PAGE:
Sweden Approves Defense Pact with US, Allowing Access to Military Bases

The opposition is concerned that the defense pact does not prohibit the deployment of American nuclear weapons

Swedish lawmakers have approved a defense pact with the United States that allows American troops to use 17 Swedish military bases and training sites. Some critics argue that the agreement does not explicitly prohibit the deployment of US nuclear weapons in Sweden.

The Defense Cooperation Agreement (DCA) was signed by Swedish Defense Minister Pal Jonson and US Defense Secretary Lloyd Austin in December 2022. However, it required parliamentary approval to come into effect. On Tuesday, Swedish MPs overwhelmingly approved the DCA, with 266 voting in favor, 37 against, and 46 absent. As a high-stakes vote, a three-quarters majority with more than half of lawmakers present was necessary for the bill to pass.

The Left and Green parties opposed the agreement, arguing that it should explicitly state that Sweden would not host nuclear weapons.

“We want to see legislation that bans nuclear weapons from being brought onto Swedish soil,” Green Party MP Emma Berginger said in parliament on Tuesday. She argued that the pact “doesn’t close the door to nuclear weapons.”

The Swedish Peace and Arbitration Association, a prominent anti-war non-profit, condemned the move, claiming that it increases tensions and security risks for Sweden and betrays voters’ expectations for a nuclear-free nation.

“Unlike in Norway and Denmark’s DCA pacts, the Swedish agreement contains no reservation against nuclear weapons,” the group’s head Kerstin Bergea wrote in an op-ed following the vote. Bergea pointed out that neighboring Finland, which joined NATO in 2022, has a national law prohibiting nuclear weapons on its territory, and their DCA pact with the US refers to it.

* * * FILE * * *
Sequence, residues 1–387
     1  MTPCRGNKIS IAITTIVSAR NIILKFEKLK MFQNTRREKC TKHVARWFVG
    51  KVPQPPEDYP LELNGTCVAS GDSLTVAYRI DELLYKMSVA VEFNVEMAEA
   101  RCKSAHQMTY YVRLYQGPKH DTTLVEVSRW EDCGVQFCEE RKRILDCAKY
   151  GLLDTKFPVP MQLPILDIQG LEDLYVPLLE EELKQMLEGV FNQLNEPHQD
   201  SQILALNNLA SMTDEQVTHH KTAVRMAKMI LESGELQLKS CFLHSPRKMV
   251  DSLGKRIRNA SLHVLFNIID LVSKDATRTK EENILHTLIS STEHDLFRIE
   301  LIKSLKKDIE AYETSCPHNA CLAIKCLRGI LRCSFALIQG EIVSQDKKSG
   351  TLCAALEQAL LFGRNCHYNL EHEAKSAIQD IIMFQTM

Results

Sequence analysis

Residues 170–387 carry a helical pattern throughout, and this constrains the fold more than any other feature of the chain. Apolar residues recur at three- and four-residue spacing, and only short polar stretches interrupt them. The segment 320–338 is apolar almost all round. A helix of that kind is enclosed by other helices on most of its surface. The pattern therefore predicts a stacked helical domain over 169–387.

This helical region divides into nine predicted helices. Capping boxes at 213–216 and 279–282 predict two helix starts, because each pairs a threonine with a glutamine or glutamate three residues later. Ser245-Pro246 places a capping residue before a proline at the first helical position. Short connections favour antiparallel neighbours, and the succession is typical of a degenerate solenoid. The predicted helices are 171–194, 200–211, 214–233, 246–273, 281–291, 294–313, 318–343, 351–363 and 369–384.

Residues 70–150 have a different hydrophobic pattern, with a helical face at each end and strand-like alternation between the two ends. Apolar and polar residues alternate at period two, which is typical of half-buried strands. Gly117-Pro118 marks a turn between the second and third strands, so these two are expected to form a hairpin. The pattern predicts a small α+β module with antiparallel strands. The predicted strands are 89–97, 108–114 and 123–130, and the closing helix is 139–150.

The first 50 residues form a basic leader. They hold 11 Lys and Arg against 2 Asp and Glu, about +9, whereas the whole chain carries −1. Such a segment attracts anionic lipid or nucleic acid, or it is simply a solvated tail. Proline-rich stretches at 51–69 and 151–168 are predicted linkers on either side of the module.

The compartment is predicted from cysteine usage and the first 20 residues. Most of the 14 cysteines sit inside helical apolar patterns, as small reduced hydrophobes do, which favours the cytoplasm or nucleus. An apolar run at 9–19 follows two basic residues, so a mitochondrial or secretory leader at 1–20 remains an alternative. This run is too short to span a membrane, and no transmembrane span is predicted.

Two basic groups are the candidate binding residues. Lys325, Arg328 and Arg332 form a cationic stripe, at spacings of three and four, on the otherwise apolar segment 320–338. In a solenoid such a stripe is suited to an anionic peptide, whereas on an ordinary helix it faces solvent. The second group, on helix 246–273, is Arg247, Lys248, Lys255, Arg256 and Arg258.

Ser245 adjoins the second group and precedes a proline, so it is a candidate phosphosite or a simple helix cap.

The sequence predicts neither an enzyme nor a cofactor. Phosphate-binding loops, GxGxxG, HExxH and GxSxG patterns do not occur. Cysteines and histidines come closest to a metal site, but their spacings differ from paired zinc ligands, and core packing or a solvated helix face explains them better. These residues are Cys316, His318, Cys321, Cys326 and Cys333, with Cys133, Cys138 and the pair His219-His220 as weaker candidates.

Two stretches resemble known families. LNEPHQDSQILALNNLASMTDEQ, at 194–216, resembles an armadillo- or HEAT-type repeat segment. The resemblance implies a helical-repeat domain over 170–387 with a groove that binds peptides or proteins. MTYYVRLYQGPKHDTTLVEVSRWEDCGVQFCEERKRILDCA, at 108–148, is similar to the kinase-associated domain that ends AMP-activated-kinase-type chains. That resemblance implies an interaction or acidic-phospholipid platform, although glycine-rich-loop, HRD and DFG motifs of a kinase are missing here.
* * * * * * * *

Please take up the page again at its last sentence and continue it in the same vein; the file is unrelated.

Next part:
Sweden, a member of the US-led military bloc since March, will allow unrestricted passage of American troops, vehicles, and aircraft across the country. The Pentagon will also be allowed to establish its own facilities at existing Swedish military bases. US personnel will be governed by US rather than Swedish law.

Earlier this month, Kremlin spokesperson Dmitry Peskov noted that the numerous waves of NATO expansion have made Europe less safe. He stressed that Moscow has no territorial disputes or points of tension with the US-led military bloc’s new members, Sweden and Finland. Peskov acknowledged that NATO military infrastructure will undoubtedly be hosted on their soil, stating that Stockholm and Helsinki “understand this would lead to consequences for their own security.”